When she arrived in the parking lot, Jo spotted Traycee walk from the RV and cabin section of the property carrying an empty laundry basket into an open-doored shed. Jo slid down from the driver’s side and whistled out to Traycee who turned, saw her sister-in-law, and waved her inside.
Stepping into the cement-floored outbuilding, Johona saw the whirring washer, and smelled the toasted fabric softener in the air. Traycee set the laundry basket on the dryer and pulled the latch wherein dried towels tumbled onto the floor. Both Traycee and Jo bent to rescue the freshly warmed towels, bumped heads, and in their wincing pain started to laugh.
“Dang, you got me just right, Jo.” Traycee rubbed her head with one hand.
Johona lifted a towel to her nose. “I love how laundry smells out of the dryer.”
“What you doing out here on a Saturday? It’s your day off, no?” asked Traycee.
“I was hoping you could walk in the café with me and help make introductions. I finished my first rug and I have an artist statement too.”
“Yah, when Win was here last he mentioned you might stop by. He says you are pretty good. Help me fold this load and put them in the cabins. Then I will walk over with you.”
Johona doubled the towel and placed it in the basket. Traycee met her hand in a fist bump. “Sisters. We are in this together.”
After placing fresh towels in the deluxe cabin, the two women walked through the piñón stands toward the café. Jo opened her passenger side of the truck, untucked the statement from the folds of the rug and handed the paper to Traycee.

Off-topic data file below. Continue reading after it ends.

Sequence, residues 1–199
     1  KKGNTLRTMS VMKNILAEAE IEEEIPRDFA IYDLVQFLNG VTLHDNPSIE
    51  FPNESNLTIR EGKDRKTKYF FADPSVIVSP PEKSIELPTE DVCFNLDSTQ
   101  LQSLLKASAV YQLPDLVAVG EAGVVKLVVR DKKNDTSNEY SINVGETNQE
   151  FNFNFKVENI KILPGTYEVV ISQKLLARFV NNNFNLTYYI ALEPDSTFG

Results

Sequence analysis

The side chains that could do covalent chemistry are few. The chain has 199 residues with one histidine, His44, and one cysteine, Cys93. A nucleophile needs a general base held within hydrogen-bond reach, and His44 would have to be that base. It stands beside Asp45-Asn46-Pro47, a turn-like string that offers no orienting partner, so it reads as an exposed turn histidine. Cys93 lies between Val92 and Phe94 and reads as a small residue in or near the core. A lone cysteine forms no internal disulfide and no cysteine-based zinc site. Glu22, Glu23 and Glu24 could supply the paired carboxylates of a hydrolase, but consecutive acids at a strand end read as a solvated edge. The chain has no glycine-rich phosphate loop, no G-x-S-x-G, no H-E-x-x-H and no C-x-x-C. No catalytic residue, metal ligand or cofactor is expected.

“Wow. You did that?!” remarked Traycee, as Jo lofted the weaving in the air.
Jo nodded and smiled as the front door to the café opened and Traycee’s boss called to them. “Hey Traycee, bring your friend over. You’re Johona Chee, right? Let’s talk some business.
Flash Fiction by Shelli Rottschafer
Shelli Rottschafer completed her doctorate from the University of New Mexico in Latin American Contemporary Literature (2005). Since 2006, Rottschafer has taught at Aquinas College in Grand Rapids, MI. She is a Professor of Spanish within the Department of World Languages. She teaches Spanish Language, Chicanx and Latinx Literature, Film and Gender Studies. She also teaches in the Inquiry and Expression Program, a first-year student research and Intensive Writing Course. Her classes focus on Eco-criticism, Nature Writing Nonfiction, and Native Literatures. Rottschafer writes Poetry, Creative Nonfiction, and Fiction. Her poetry is published through Herbaria 3.0 and the anthology We are Here to Represent. Her Travel Writing is published in Wanderlust Journal of Travel Essays. Atmosphere Press in Austin, TX published her debut novella, Stay North (2021). Her reflection on querencia “Taos: Where the Mountains Meet the Gorge” was published in the blog www.manitotrail.com Her short stories have been published in Chamisa: A Journal of Literacy, Performance, and Visual Arts of the Great Southwest and Cutthroat: Journal of the Arts. Her reviews can be found at ASAIL Journal (The Association for the Study of American Indian Literatures), Choice: Reviews for Libraries, and The Rocky Mountain Modern Language Association Review. Her academic essays are published in Border-Lines: Journal of Latino/a Research at the University of Nevada, Reno.